In Summer 2010, MSI made available to its users its newest supercomputer, named Itasca, and Itasca is already making a world of difference to researchers at the university.
Charles Campbell, a University of Minnesota physics and astronomy professor uses MSI to study layered quantum magnets. He says of Itasca, "Our research has benefitted tremendously from being able to use Itasca. Some of our calculations are so intensive that they are simply impracticable without it.”
Brian Ropers-Huilman, Assistant Director for HPC Operations at MSI explains why Itasca has been so successful: "With four times as many cores and better memory bandwidth than anything we were able to offer before, the time it takes for us to earn a solution is considerably less. Time to solution is what our users care about most.”
Chris Cramer, a chemistry professor, couldn’t agree more about the benefits of Itasca: "Itasca added a stunning amount of capacity to MSI's already quite good facilities. As a result, our wait times for initiating jobs are negligible and our productivity has increased several-fold.”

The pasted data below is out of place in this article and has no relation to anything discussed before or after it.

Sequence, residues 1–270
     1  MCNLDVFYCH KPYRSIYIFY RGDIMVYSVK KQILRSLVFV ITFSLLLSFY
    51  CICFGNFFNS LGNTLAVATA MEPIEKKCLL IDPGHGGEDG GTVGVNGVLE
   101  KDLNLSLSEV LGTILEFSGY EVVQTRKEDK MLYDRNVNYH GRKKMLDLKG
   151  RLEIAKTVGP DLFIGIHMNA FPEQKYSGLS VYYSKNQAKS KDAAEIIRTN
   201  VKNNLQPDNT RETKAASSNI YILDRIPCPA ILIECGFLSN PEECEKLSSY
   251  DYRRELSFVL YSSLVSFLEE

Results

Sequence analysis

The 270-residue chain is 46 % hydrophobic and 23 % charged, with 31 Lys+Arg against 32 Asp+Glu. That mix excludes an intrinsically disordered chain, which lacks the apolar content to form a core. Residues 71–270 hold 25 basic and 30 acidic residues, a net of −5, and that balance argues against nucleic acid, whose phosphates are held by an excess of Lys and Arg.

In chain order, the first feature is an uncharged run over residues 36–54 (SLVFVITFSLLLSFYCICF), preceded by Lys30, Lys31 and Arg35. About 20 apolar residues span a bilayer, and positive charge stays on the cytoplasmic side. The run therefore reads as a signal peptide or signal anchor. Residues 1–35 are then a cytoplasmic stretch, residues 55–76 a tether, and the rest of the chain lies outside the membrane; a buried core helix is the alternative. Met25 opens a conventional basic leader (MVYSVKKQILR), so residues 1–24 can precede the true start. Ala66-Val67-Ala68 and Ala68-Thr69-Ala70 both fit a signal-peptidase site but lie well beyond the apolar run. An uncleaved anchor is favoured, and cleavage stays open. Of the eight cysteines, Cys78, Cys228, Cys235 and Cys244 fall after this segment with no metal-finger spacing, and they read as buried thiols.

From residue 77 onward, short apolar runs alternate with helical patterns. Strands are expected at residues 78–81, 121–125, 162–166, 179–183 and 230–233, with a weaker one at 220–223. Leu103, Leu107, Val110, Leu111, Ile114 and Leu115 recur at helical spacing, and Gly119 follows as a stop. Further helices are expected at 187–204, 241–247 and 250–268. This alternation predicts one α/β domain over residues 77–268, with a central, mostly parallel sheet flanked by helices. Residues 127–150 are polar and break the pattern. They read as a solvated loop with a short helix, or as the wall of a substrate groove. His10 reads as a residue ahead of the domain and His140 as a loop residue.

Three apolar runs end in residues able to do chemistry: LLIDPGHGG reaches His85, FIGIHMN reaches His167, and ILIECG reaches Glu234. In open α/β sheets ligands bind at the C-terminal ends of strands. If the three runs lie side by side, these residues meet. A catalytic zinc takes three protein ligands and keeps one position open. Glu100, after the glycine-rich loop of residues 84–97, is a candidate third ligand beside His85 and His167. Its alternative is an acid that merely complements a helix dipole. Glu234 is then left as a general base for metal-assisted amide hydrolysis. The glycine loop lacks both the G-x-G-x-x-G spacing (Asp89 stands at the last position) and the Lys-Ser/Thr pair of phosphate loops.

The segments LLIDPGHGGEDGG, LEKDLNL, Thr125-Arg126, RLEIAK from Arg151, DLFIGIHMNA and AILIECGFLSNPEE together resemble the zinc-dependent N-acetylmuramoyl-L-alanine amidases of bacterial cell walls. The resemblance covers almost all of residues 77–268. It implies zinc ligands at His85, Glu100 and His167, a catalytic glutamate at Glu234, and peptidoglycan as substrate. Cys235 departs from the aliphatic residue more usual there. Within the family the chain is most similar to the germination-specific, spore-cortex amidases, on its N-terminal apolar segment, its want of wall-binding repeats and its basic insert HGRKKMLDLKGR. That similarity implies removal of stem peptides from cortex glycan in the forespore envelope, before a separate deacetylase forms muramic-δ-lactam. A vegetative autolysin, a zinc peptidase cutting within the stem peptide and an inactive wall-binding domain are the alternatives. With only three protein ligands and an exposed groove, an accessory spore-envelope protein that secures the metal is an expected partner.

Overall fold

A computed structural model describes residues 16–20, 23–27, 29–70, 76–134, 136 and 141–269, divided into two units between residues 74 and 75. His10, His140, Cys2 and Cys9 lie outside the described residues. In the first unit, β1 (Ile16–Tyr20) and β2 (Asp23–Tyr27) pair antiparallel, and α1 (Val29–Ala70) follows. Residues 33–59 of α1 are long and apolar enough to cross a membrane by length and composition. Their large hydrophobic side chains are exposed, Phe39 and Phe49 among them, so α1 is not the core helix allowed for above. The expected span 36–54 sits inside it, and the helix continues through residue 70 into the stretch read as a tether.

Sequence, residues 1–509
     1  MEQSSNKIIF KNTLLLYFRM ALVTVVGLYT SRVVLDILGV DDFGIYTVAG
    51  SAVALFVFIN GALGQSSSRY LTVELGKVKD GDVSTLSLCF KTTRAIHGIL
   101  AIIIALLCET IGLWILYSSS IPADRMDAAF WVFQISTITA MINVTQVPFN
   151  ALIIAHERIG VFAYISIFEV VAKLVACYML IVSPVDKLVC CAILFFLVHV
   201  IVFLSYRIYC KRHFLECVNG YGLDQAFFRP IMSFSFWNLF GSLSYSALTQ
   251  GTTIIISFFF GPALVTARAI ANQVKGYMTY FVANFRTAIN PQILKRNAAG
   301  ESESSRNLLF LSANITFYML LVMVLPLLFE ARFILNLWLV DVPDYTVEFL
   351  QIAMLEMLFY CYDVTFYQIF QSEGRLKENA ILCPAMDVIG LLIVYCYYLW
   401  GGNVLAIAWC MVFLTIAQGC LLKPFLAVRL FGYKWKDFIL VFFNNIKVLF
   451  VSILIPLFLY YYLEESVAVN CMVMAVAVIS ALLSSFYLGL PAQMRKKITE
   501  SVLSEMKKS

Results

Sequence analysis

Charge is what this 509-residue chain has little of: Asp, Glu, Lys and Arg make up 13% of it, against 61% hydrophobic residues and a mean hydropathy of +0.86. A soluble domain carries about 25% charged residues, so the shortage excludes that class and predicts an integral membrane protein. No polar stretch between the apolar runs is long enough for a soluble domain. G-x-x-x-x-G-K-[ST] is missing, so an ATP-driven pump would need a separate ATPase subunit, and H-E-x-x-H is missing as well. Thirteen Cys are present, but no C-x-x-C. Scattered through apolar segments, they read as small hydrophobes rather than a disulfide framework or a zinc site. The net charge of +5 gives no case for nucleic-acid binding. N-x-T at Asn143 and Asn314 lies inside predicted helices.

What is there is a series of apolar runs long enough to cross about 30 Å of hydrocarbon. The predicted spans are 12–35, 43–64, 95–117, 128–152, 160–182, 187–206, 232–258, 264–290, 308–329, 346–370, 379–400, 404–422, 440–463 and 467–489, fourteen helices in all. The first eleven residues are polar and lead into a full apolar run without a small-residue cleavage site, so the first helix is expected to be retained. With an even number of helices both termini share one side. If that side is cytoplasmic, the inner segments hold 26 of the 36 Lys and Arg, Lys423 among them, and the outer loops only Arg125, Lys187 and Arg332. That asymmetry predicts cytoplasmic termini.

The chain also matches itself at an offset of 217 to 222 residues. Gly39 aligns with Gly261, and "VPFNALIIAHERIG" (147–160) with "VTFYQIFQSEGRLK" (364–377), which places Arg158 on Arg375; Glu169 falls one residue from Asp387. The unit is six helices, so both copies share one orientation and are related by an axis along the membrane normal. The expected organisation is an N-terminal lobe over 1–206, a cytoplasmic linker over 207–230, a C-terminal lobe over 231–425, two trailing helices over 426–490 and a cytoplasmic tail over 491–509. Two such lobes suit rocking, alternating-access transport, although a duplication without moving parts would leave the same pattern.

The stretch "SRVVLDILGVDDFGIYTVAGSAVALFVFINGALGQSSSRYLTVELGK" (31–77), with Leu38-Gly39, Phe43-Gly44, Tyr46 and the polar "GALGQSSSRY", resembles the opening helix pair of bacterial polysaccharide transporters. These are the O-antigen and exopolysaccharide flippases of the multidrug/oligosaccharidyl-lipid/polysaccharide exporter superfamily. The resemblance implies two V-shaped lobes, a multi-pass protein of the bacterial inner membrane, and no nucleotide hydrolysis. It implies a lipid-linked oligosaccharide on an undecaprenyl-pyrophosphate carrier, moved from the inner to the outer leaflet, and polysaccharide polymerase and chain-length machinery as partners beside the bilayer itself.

In addition to providing increased productivity, Itasca is allowing users to test code in order to prepare for even more intensive work to be done at national supercomputing centers. Alexander Heger (associate professor of physics) and his graduate student Ken Chen are two of those users. Said Chen, "Itasca has helped us define what simulations we want to run at the National Energy Research Computing Center.”
In a short amount of time, Itasca has already helped the University of Minnesota in its goals to become a top research university. By allowing researchers to perform complex modeling and run intensive simulations more efficiently than ever before, the University of Minnesota is on the forefront of discovery. Campbell again, "Itasca is ideally suited to the nature of our work. Our results are now clearly setting the benchmarks in our field.”